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Jill

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Joined: Tue Mar 12, 2002 1:00 am





Post Sat Sep 06, 2003 7:46 pm

working hours

Hi All,
I would like to know how many of my fellow sign makers work odd hours,Jill and I both work some odd hours I start at 6.00am every morning on the decorating side of the company till around 6.00pm then often work until 10.30pm on the signs after jill has spent all day plotting and weeding.We seem to do a lot of company vans,wagons etc after 5.00pm so they are back on the road the following morning (it's a crazy world) and its always seven days a week.Would like to know how the rest of you work.

rgards
steve & Jill :o :o
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Michael.

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Joined: Wed Nov 21, 2001 1:00 am





Post Sat Sep 06, 2003 11:25 pm

Hi Steve and Jill, :D ...luv your web-site!, is it new?

Also, I remember that I never sent you any ideas for your van :( sorry!, can I be of any assistance or have you taken care of all that now?

Odd hours? - yep...we still do some of that. Only difference would be that we don't do the 6am to 6.30pm thing as well as all the sign work :-? . Always been a bit of a night owl myself - preferring to design late into the night but then we don't get going much before 10 o'colck in the mornings... :-?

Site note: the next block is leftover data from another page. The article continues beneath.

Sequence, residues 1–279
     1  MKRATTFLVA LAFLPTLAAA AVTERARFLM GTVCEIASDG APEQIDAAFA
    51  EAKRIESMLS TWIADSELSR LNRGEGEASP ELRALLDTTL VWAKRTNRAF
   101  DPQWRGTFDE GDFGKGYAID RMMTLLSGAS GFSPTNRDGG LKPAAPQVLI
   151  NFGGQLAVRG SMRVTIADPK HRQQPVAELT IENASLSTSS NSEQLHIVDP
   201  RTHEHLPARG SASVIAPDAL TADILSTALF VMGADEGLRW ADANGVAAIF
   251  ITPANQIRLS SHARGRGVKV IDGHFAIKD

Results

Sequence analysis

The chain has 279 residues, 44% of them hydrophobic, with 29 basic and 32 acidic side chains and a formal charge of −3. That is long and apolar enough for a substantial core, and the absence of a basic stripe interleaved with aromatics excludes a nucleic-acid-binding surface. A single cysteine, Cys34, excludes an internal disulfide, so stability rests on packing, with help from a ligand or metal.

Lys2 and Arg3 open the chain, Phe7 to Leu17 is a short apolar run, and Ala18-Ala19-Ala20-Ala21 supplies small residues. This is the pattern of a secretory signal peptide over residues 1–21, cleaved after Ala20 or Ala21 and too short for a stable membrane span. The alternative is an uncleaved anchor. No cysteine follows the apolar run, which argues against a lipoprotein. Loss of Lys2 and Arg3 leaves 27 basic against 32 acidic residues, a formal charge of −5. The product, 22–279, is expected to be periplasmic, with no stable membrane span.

If it were me, I wouldn't bend too far for the customer, not if it means you always working crazy hours. Business is a two-way street - they must respect you just as you try to accommodate them.

You've gotta leave yourselves some time on the weekends (or other days) else you're gunna get mean and cranky - and you'll just burn out! :P :D I know things are different for every single one of us, and maybe you're not actually working every single day of the year - but look after yourselves eh! you can't do it all... :D

and remember, "the graveyards are full of indispencable people" :(

more soon

mike
Last edited by Michael. on Sun Sep 07, 2003 5:39 pm, edited 3 times in total.
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Alan